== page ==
Responses to TSA Propaganda 101

by Lisa Simeone on January 25, 2012


The Department of Homeland Security was burning up bandwidth Monday, dispatching teams of TSA operatives to post pro-agency comments in the various articles about the illegal detainment of Senator Rand Paul in Nashville.

They were countered by the thousands of commenters who took them to task. Because TSA assaults and crimes on air passengers happen so often, this TSA propaganda has become a staple of comments sections nearly every week.

To help the TSA, I propose an idea for more efficiency, something DHS head Janet Napolitano recently said she’s looking for.

Since these TSA statements are the same ones that have been recycled for more than a year now, it would speed things up if there were a common reference number assigned to each one so the TSA could just post its propaganda by number. Readers could then post a reply based on facts.

A sample list follows:

TSA Propaganda: There hasn’t been a terrorist attack since 2001, proving that the TSA procedures are necessary.

Fact: There were no attacks between 2001 and 2010 even without scanning and groping passengers.

TSA Propaganda: These procedures are necessary to prevent another “Underwear Bomber.”

Fact: Umar Farouk Abdulmutallab was stopped by passengers, not the TSA. The same goes for Richard Reid, the so-called Shoe Bomber. Not to mention, neither man had anywhere near the amount of explosives needed, or knowledge of how to use them, to bring down a plane.

TSA Propaganda: Rand Paul was seeking special treatment by asking to go through the scanner a second time.

Fact: Sen. Paul has in the past been allowed to go through the scanner more than once when the machine false-alarmed on him. In addition, thanks to his exposing of the groping of a six-year-old girl, the TSA now allows children to be scanned several times before a pat down is required. They obviously allow a repeat scanning for some adult passengers, too, so not “everyone” is subject to the same rules.

TSA Propaganda: You do not have a constitutional right to fly. If you choose to fly you must submit to the rules of the TSA. Otherwise take a bus or train.

Facts: Flying is a right. 
Flying is a means of travel, and everyone has a right to travel and to do so by a means of their choice. See Supreme Court case (U.S. v. Guest 383 U.S. 745 (1966)): “In any event, freedom to travel throughout the United States has long been recognized as a basic right under the Constitution.”
Another US Supreme Court case, Shapiro v Thompson, 394 U.S. 618 (1969) strongly supports the right to travel:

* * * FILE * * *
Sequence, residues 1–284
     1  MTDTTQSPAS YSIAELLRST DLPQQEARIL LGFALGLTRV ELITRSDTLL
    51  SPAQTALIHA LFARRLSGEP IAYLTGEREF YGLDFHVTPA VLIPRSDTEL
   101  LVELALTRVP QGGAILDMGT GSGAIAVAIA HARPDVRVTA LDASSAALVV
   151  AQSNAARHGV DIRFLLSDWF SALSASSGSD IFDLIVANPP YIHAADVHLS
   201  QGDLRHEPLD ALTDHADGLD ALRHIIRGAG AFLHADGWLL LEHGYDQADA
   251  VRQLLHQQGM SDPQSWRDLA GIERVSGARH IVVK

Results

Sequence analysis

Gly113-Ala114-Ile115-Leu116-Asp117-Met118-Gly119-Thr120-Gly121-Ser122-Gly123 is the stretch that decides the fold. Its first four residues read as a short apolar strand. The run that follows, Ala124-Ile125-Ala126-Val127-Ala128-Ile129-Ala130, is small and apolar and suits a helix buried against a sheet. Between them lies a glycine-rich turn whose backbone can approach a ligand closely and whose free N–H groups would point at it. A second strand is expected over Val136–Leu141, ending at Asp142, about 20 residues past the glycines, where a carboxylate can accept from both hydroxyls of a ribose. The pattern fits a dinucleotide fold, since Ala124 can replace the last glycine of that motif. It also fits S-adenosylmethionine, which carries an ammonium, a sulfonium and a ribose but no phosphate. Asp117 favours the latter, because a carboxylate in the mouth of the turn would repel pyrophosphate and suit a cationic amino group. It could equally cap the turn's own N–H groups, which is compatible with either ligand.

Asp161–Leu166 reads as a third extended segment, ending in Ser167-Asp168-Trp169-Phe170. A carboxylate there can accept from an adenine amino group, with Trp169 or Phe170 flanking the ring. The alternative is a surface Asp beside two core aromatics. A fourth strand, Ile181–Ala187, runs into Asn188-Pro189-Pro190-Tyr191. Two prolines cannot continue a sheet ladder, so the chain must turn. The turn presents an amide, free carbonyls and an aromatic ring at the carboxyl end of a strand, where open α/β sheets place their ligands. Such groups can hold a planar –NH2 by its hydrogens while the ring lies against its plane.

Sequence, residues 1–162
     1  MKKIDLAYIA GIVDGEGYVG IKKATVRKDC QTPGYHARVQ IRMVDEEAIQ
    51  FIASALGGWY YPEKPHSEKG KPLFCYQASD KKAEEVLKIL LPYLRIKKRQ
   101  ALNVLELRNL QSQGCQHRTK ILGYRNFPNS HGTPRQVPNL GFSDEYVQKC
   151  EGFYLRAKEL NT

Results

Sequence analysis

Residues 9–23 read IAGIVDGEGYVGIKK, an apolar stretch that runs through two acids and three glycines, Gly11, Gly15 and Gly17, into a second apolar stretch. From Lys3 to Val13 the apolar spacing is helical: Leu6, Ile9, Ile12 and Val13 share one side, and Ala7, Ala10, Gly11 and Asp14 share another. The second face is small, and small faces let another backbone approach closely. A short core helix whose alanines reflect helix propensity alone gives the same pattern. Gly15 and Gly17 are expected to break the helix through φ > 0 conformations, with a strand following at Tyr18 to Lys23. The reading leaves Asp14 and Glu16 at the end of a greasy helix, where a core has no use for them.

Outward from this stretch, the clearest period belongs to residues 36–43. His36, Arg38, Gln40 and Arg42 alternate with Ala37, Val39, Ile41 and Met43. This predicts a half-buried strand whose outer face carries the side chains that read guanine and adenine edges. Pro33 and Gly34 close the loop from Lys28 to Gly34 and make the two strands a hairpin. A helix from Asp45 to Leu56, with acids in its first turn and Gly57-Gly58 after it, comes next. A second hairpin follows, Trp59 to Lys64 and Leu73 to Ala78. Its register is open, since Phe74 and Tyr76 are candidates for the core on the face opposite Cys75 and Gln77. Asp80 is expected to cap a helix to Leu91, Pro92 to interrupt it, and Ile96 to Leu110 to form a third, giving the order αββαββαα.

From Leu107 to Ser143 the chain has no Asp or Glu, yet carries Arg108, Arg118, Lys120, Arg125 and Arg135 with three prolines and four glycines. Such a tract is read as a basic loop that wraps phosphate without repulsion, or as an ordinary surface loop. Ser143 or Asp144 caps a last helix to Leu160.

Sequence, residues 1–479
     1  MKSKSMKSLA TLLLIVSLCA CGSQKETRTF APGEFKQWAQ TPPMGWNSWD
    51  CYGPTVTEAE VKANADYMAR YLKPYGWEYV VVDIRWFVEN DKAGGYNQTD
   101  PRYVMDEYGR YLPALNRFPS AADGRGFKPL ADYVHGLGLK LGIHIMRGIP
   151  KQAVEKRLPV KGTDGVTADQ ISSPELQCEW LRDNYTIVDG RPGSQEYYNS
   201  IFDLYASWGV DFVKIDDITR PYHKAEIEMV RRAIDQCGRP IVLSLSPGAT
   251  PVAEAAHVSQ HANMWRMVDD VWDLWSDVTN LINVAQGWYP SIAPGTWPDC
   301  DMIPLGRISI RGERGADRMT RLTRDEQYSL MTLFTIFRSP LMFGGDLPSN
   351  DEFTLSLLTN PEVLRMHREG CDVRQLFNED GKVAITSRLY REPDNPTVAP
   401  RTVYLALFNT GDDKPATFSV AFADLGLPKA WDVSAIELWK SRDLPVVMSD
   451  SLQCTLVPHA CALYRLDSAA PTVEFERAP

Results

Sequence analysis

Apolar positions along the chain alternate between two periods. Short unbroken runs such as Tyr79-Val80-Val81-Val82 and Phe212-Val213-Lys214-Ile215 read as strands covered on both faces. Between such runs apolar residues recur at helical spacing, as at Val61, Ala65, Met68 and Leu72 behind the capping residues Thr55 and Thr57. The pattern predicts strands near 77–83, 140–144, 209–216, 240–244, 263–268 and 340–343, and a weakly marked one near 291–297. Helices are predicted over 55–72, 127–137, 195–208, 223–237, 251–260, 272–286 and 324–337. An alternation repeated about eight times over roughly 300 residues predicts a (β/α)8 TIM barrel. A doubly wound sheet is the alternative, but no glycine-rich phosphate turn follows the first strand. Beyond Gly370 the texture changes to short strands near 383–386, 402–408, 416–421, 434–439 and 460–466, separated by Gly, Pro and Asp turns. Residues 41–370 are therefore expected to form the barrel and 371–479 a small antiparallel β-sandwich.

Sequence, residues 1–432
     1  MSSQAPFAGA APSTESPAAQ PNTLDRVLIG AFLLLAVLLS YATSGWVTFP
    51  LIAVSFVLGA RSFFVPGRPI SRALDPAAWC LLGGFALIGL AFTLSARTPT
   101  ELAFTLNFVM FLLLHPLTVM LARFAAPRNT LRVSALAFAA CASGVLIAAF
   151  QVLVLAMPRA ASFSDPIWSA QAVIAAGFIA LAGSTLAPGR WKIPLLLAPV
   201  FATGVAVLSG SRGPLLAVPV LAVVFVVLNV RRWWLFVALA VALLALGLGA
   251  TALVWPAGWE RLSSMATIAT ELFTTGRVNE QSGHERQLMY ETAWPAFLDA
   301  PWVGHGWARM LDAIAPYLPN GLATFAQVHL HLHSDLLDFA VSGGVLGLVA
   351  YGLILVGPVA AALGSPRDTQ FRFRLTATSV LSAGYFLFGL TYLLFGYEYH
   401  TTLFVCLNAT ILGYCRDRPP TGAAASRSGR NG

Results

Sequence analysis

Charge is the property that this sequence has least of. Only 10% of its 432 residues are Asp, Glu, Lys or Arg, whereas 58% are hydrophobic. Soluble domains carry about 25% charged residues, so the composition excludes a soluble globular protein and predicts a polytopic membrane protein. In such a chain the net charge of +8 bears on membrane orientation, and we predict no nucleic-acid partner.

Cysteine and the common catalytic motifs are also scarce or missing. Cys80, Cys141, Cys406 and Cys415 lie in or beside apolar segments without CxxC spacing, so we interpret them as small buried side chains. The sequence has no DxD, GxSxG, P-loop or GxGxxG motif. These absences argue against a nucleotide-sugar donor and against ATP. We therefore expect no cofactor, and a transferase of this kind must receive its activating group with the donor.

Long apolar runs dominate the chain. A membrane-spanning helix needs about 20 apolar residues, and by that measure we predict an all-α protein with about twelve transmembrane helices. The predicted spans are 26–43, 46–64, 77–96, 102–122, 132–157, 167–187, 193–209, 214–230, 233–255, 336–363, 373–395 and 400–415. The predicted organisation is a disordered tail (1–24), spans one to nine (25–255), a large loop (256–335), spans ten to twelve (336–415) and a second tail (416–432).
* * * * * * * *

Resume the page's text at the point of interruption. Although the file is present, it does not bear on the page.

“The constitutional right to travel from one State to another . . . has been firmly established and repeatedly recognized.’ United States v. Guest, 383 U.S. 745, 757 . This constitutional right, which, of course, includes the right of ‘entering and abiding in any State in the Union,’ Truax v. Raich, 239 U.S. 33, 39 , is not a mere conditional liberty subject to regulation and control under conventional [394 U.S. 618, 643] due process or equal protection standards. 1 ‘[T]he right to travel freely from State to State finds constitutional protection that is quite independent of the Fourteenth Amendment.’ United States v. Guest, supra, at 760, n. 17. 2 As we made clear in Guest, it is a right broadly assertable against private interference as well as governmental action. 3 Like the right of association, NAACP v. Alabama, 357 U.S. 449 , it is a virtually unconditional personal right, guaranteed by the Constitution to us all.”

As for taking the train or bus, TSA VIPR Teams are searching at train stations in Savannah, Los Angeles, Tampa, and many other cities. They also conducted warrantless random car searches at Sarasota airport.

TSA Propaganda: TSA says its agents did not detain Sen. Paul: “Passengers, as in this case, who refuse to comply with security procedures are denied access to the secure gate area. He was escorted out of the screening area by local law enforcement.”

Fact: He was detained in a glass cubicle for 30 minutes and threatened when he stepped out of the cubicle. He was again threatened when he tried to use his phone.

TSA Propaganda: The TSA screeners were just doing their jobs.

Fact: The excuse of “just doing my job” was demolished at the Nuremberg Trials.

TSA Propaganda: The TSA is needed because private screeners failed to stop the 9/11 attacks.

Fact: The FBI and NSA were tipped off in advance about the 9/11 hijackers but refused to share information with each other and did not alert the airlines or private screening firms. It was negligence on the part of our intelligence agencies that allowed 9/11 to happen. Furthermore, no bombs were brought onto planes on 9/11. There were more bombs brought onto planes in the 1960s than at anytime since then.

(Photo: Jason Ford/Flickr Creative Commons)

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